Gardening with Georgia

Archive - August 2010

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Snail season

Thu, Aug 26, 2010 at 10:22:57 AM


Snail damage on a bromeliad.

All the rain has been wonderful for plant growth and for providing a measure of relief from the heat, but it also brings out the snails. Take a walk through your garden early in the early morning and look for them. They will eat away the soft tissue of bromeliads, amaryllis, crinum lilies, and aroids.

Snails also may infest your orchid collection, so examine your potted orchids and even those in wooden baskets. Baskets may appear to have tiny bumps on them, but look closely and you may find that those are baby snails. Rub them off or soak the basket in a bucket of soapy water for a few minutes.

Collect snails in a jar of soapy water or in a plastic bag and discard them. It's best to make a few snail patrols at night or dawn.

A saucer of beer nudged into the ground at soil level will lure in snails and kill them overnight. Or, a 2-x-4 at the edge of the garden, positioned barely above ground, may collect a few on the bottom overnight.

Aphids also are busy when rains stimulate new growth. Watch for curling and distorted new leaves. Wait for the lady bugs to arrive or use a strong stream of water from the hose to wash them from their feeding outposts. Because the new growth is so tender, cup one hand about the leaves while spraying the hose to help protect the foliage.

 


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In the butterfly garden

Thu, Aug 12, 2010 at 10:22:53 AM


Atala butterfly.

The atala butterflies are back, showing off their exquisite colors. Not only are the butterflies themselves lovely, the caterpillars also are vivid red with yellow dots. The butterfly garden is full of life now and worth a visit. Just sit on a bench for a few minutes and watch. You will feel yourself relax.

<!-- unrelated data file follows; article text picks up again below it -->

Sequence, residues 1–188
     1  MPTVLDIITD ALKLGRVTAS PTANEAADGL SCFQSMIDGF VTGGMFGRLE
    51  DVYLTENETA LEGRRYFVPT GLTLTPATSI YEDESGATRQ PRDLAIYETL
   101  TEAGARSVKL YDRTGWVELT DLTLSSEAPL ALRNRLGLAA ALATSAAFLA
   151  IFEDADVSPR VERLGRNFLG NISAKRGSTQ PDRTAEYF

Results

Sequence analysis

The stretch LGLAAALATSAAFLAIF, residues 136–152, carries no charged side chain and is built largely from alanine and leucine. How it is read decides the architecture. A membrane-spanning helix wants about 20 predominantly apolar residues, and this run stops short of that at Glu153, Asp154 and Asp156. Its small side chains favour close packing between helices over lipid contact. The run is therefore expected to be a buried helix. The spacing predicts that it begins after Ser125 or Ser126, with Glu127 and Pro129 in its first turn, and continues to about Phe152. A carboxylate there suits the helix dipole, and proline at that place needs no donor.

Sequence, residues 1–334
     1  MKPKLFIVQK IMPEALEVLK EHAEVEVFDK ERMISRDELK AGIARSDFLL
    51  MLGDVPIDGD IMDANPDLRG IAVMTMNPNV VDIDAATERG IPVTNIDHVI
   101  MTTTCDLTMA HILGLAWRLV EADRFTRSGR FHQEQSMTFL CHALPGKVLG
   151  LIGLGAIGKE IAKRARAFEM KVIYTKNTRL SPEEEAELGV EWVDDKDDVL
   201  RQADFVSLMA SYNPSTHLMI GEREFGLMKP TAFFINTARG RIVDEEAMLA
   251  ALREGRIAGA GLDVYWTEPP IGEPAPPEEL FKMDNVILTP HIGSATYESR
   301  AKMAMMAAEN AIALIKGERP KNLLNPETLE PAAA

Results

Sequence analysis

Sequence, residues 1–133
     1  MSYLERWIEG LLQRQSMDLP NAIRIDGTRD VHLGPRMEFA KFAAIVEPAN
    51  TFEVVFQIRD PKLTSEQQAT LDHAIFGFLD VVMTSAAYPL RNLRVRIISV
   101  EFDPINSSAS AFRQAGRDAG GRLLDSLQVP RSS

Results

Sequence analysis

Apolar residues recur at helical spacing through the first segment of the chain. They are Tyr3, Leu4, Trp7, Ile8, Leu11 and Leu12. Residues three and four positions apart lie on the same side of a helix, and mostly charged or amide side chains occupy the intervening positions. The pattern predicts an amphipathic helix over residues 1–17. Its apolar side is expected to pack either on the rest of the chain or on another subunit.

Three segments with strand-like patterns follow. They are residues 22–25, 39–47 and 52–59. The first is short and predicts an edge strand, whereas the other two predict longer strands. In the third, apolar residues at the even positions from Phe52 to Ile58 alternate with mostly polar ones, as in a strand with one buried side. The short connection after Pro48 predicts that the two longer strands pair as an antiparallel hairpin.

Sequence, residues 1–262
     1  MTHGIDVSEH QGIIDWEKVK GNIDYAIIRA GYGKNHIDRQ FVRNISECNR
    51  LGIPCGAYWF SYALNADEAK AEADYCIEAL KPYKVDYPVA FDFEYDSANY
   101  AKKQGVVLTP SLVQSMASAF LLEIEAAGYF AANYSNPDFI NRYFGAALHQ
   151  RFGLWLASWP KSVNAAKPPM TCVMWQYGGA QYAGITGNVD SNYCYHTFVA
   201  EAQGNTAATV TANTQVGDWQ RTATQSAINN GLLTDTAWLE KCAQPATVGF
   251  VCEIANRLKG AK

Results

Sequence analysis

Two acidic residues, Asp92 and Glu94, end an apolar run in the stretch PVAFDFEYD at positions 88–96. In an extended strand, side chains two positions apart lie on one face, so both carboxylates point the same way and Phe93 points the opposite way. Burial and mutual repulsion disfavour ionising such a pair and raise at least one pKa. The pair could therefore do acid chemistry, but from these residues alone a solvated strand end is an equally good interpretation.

Larvae munch on a cyad.

Atala butterfly larvae are readily spotted on the little Florida cycad, Zamia integrifolia from which they acquire a toxin. Their brilliant coloration is thought to warn predators to stay away.


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Deceit is the name of the pollination game

Tue, Aug 03, 2010 at 01:48:49 PM

Tom Mirenda is the orchid collection specialist at the Smithsonian Institution in Washington, D.C. He was a speaker for the annual orchid symposium put on by the Coalition for Orchid Species last Sunday in the Garden House.  He brought humor and fun to his talk about orchid pollination that capped a day of terrific presentations to the 70 or so people who attended.

Orchids are sly creatures when it comes to attracting pollinators, and they employ all kinds of tricks, from mimicking other plants to faking rewards for butterflies.


Is this a swarm of rival bees or a big
specimen of Oncidium sphacelatum?

One of the orchids widely grown in South Florida is Oncidium sphacelatum, which can become a huge plant with hundreds of small yellow flowers.